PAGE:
These marine birds have dark blue bodies with white and chestnut streaks on their sides. On the other hand, females have brown and gray feathers and small white patches near their eyes. They eat marine insects, small fish, and fish eggs.
15. Ruddy duck (Oxyura jamaicensis)
Fun Fact: Did you know that ruddy ducks are invasive species in Europe after being imported to the United Kingdom in the 1950s1? The ruddy duck established populations in Britain before spreading across Europe in the 1950s. Moreover, these ducks perform aggressive courting behaviors. They are even ready to interbreed with endangered species like the white-headed duck, threatening their population.
These ducks are small birds with scoop-shaped bills, and stiff tails held upward. Males change color depending on the season. During summer, they have blackish caps with white cheeks. In the winter, they turn gray-brown with dull gray bills.
16. Greater Scaup (Aythya marila)
Fun Fact: Did you know the Greater Scaup can dive up to 20 feet underwater? Their diet includes mollusks, crustaceans, and aquatic plants.
The Greater Scaup lives on coastal bays and estuaries, occasionally dropping by a tundra pond. They also prefer saltwater because their food lives in the seas and oceans. Male greater scaups have black heads, necks, and breasts, while females are lighter brown. However, males and females have bright yellow eyes.
17. Lesser Scaup (Aythya affinis)
Fun Fact: Did you know the Lesser Scaup can dive up to 20 feet underwater? Their streamlined bodies and webbed feet help them stay submerged for several seconds. Underwater, they hunt for shellfish, water plants, and aquatic bugs.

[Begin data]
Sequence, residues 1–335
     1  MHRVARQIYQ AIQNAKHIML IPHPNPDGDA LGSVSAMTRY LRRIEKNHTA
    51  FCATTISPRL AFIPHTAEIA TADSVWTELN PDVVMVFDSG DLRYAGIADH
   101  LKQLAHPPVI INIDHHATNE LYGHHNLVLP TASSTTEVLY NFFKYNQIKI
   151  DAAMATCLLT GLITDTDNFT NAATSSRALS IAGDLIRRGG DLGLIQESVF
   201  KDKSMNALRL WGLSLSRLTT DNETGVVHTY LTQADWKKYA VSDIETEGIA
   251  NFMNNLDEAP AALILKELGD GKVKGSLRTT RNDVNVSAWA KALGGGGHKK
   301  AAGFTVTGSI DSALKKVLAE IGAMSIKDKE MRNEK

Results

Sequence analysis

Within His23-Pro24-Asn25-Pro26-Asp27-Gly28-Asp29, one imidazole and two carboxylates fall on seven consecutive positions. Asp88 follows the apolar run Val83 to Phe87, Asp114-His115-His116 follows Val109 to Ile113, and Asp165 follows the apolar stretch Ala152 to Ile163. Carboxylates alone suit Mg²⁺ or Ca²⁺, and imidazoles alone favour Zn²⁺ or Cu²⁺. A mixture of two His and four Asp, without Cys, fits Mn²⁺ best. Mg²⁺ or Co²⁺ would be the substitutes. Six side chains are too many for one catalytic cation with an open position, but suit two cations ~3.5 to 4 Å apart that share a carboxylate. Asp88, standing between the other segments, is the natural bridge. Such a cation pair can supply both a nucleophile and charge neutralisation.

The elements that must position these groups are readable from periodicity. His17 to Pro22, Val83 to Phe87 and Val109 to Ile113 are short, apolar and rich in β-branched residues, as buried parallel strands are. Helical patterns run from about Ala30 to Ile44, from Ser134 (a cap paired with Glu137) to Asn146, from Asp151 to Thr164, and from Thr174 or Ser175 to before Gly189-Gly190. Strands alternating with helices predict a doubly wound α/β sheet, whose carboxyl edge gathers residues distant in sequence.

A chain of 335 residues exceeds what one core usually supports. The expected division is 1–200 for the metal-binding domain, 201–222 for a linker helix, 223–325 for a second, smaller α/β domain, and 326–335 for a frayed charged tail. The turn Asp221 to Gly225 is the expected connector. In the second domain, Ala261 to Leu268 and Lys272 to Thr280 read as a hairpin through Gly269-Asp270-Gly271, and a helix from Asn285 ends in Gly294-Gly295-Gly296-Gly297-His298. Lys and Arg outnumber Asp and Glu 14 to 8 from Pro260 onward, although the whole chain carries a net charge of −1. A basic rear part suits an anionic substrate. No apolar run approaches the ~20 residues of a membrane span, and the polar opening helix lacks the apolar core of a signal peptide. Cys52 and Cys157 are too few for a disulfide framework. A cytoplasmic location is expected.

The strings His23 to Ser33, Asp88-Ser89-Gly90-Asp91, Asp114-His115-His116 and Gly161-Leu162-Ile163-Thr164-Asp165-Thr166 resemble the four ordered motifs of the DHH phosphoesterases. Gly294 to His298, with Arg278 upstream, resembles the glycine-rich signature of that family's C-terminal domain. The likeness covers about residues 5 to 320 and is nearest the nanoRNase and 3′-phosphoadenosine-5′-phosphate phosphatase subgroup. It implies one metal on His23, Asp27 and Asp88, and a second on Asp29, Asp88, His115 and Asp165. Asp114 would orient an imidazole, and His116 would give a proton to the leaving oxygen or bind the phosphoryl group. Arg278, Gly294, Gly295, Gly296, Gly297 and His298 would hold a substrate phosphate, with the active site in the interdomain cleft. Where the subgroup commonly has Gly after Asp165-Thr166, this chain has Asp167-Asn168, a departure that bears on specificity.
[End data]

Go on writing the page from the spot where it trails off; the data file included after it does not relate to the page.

The lesser scaup is one of North America's most common diving ducks. Males have glossy black heads and necks, offsetting their white underside. Likewise, their grayish-blue bills have black tips, adding some contrast. On the other hand, females have brown bodies with a white band around their bill. These ducks also have a little “bump” at the back of their heads.
18. White-winged Scoter (Melanitta fusca)
Fun Fact: Did you know that the white-winged scoter can plunge as deep as 65 feet underwater to look for mollusks and crustaceans? Thanks to their strong wings and streamlined bodies, white-winged Scoters can stay submerged for up to a minute.
These sea ducks are the biggest scoter species in North America, preferring Alaska and Canada. Their bodies are black, save for the white flash on their wings that appears when they fly. Moreover, the males have bright orange-yellow bills with distinctive knobs. During the winter, the white-winged scoter travels to the coastal areas of the United States.
19. Common Eider (Somateria mollissima)
Fun Fact: Did you know the Common Eider lines her nest with soft down feathers plucked from her breast? Her feathers keep the eggs warm and provide a comfortable environment for the ducklings.
The final types of duck in this category are the common eiders that live across Europe, North America, and even as far as eastern Siberia. One can identify them by their weird wedge-shaped bills. However, the males have black ad white feathers with a dash of green on the nape, while females are brown and black. Moreover, these ducks can dive 20 meters deep into the ocean, looking for mussels, clams, and other tiny animals. Thanks to their powerful gizzard, they can crush and digest hard shells.
Conclusion: Types of Ducks
Did you learn a lot about these birds? Knowing that ducks come in different colors and discovering they can not only fly but dive, you are more excited to visit your nearest marshes and ponds. So once you go to one, gear up with your binoculars and don’t miss out on watching these birds in the wild.
Robertson, P. A., Adriaens, T., Caizergues, A., Cranswick, P. A., Devos, K., Gutiérrez-Expósito, C., Henderson, I., Hughes, B., Mill, A. C., & Smith, G. C. (2014). Towards the European eradication of the North American ruddy duck. Biological Invasions, 17(1), 9–12.
Robertson, G. J. and R. I. Goudie (2020). Harlequin Duck (Histrionicus histrionicus), version 1.0. In Birds of the World (S. M. Billerman, Editor). Cornell Lab of Ornithology, Ithaca, NY, USA.